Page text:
Cleaning the grey tank sensors

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JayArr

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Mission British Columbia Canada
Hi All

I converted my Black tank to those Horst Miricle sensors and they work great, no more false readings.

Unfortunately the location of the grey tank sensors prevents me from converting them and they don't read right. I'm sure there is a coating of sludge on the walls fouling up the accuracy.

Has anyone ever tried blowing out the sludge between the sensors with electricity?

I'm thinking that if I disconnect the sensors from the monitor so they are isolated and then apply a voltage between two of them the current will flow through the sludge and blow it away. If it works it would be a cheap and effective way to keep the system accurate.

Does anyone know if this has been tried before, an I repeating an idea already shown to be unworkable?
 

JayArr

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Mission British Columbia Canada
I thought I'd start with a 12V battery, if that doesn't work I can step up to a 24V at 7A power supply I have on the shelf.

I suspect it will take a fair amount of current to burn/blow/remove the sludge between two sensors so my bet is that the low voltage may work best.

I figure I can use an ammeter to monitor the current draw and when it reaches zero the sludge path has been removed.
 

Pgh_AL

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Pittsburgh
When i first got my coach gray or black would read correctly after a few rinses with clean water and dumps they are almost corrected . The gray is perfect the black is about 85% . Couple more rinses and dumps ought to do it .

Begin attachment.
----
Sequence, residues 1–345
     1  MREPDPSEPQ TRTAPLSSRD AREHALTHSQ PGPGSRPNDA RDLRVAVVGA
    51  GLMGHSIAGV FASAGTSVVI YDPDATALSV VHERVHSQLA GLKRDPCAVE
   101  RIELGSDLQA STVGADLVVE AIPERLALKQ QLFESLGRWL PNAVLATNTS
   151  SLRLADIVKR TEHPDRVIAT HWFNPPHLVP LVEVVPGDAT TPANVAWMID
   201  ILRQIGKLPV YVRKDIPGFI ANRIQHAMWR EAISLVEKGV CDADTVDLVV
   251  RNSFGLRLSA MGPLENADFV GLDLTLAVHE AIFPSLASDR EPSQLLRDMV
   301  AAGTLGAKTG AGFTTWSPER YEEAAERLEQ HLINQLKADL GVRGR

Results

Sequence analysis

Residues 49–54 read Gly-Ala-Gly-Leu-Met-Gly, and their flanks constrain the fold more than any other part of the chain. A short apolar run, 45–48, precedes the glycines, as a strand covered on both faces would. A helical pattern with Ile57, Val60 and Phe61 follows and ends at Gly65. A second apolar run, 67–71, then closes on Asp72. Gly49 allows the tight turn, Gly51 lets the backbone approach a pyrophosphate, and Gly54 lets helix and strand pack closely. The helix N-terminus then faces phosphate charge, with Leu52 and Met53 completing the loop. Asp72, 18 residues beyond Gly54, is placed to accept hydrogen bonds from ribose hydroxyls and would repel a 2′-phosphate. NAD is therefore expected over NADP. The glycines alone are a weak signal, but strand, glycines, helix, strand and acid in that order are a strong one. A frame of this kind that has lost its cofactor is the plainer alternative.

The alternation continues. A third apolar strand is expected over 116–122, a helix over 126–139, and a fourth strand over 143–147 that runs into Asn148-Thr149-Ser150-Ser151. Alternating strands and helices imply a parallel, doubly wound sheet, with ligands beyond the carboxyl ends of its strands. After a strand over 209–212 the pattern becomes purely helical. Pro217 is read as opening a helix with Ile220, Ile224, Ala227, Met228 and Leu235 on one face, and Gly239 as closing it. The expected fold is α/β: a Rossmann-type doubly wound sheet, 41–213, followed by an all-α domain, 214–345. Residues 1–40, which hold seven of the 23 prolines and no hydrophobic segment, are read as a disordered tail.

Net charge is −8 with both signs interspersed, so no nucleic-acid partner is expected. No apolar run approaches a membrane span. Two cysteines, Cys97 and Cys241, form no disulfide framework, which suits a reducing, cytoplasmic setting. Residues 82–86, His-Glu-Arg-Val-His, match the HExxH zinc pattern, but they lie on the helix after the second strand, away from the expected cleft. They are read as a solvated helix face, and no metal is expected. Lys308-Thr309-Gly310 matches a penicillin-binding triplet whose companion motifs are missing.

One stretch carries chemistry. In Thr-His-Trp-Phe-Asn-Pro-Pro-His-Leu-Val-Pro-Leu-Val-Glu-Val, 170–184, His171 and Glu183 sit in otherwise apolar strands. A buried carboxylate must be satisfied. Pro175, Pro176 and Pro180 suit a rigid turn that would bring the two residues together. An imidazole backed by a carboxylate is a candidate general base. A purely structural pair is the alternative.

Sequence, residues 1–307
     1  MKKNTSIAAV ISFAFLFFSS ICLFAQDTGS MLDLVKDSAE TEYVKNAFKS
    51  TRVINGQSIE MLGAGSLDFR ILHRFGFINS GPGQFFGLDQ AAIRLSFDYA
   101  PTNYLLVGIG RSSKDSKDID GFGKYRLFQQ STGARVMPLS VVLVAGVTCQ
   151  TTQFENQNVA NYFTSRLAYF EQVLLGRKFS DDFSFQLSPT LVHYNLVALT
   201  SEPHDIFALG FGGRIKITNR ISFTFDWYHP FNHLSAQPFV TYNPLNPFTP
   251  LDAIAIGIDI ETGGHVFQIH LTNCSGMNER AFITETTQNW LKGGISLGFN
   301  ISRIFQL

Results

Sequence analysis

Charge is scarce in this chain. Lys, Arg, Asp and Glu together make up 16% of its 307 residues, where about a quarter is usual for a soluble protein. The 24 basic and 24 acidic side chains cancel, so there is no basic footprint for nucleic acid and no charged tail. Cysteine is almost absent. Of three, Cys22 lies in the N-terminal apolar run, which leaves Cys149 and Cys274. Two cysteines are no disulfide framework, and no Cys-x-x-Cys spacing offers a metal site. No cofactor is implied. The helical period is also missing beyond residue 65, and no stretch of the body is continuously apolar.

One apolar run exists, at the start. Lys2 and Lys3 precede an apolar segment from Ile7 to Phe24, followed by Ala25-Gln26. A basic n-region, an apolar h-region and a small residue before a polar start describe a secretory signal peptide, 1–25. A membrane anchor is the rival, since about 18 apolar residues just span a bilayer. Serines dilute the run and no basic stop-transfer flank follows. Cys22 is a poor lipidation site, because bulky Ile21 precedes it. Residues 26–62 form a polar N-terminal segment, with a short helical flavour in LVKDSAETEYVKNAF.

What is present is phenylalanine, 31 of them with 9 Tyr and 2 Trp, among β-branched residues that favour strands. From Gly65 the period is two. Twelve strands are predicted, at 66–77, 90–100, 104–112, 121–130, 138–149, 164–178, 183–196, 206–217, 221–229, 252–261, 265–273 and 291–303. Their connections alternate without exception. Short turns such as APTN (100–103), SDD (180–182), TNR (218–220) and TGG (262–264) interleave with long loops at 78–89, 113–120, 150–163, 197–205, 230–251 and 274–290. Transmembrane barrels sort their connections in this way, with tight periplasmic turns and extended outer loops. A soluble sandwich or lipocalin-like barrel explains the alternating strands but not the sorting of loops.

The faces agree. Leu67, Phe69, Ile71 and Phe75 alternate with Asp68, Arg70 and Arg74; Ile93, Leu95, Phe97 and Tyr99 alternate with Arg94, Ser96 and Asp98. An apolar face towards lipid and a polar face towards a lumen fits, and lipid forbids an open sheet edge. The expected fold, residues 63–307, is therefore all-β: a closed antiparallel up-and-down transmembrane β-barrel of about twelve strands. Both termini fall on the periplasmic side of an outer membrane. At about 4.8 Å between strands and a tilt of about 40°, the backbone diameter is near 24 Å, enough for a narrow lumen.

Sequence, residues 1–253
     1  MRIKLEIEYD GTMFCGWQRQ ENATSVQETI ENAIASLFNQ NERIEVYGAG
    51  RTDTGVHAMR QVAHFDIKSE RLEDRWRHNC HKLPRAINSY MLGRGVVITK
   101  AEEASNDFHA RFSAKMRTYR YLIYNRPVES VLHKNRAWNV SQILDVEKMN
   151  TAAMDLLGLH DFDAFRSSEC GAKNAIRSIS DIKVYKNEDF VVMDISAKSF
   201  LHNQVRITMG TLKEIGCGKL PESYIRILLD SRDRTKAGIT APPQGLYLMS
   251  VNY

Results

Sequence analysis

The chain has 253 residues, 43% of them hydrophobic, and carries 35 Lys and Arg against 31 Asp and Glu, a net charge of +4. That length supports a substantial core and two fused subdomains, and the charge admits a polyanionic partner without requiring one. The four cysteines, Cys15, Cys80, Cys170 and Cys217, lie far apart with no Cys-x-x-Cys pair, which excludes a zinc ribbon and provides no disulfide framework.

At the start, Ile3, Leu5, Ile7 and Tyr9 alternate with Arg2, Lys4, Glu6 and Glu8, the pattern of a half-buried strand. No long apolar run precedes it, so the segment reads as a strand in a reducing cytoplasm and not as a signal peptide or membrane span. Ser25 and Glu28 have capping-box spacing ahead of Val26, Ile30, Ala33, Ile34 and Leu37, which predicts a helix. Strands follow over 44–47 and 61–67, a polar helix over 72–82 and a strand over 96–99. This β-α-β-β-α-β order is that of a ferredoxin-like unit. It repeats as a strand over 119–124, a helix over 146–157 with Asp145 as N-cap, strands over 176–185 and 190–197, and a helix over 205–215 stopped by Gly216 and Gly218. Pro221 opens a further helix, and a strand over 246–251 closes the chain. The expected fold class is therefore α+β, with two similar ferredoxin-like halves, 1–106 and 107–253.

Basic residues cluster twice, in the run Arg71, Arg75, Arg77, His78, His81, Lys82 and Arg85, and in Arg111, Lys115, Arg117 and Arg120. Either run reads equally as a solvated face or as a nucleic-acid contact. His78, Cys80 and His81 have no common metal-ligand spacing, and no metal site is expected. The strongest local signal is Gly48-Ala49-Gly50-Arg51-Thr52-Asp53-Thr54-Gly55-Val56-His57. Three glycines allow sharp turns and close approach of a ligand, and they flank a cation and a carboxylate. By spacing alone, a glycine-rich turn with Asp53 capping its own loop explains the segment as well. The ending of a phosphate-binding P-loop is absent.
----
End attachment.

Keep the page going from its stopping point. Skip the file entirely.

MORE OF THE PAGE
Ex-Calif

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I can't see anything but a really high amount of current doing what you want it to.

I have been noodling an attachment to my pressure washer to see if I can snake a spray head into the tank from the bottom up for the grey tank.

The blank tank is easy to access from the head but the grey tank has too many traps to go in from the top.
 

Benson

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North Tonawanda, New York, USA
I don't know how long this has been going on but there shouldn't be anything in the gray tank except mineral deposits and soap sludge. I would fill the tank with distilled water a cup of oxiclean or boraxo and add half a gallon of white vinegar and let it sit for a couple of hours or drive around and dump at the next stop and then check it and repeat if necessary. The vinegar will disolve and breakup themineral deposits and the borax should do the rest. I definately wouldn't go the way of electrical 'blasting' you'll distroy the sensors.
 

NY_Dutch

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Where our wheels take us!
The "sensors" in this case are little more than screws sticking into the tank at various levels. My concern with the electric "blasting" idea would be the amount of current needed to do any good, and how much heat would be generated where the screws pass through the plastic tank wall. Switching to one of the tank level monitoring systems that use external sensors might be a more practical solution, albeit a more expensive one. Mopeka has a $70 fresh/gray tank ultrasonic sensor that's read with a phone app.

 

jackiemac

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Scotland
I can't see anything but a really high amount of current doing what you want it to.

I have been noodling an attachment to my pressure washer to see if I can snake a spray head into the tank from the bottom up for the grey tank.

The blank tank is easy to access from the head but the grey tank has too many traps to go in from the top.
You need a jetter hose....

See this post on how we clean our black and grey (shower only as too sharp a bend for kitchen one).

Steve puts the jetter hose in via a vent in the kitchen cupboard. He unscrews a cap off a pipe.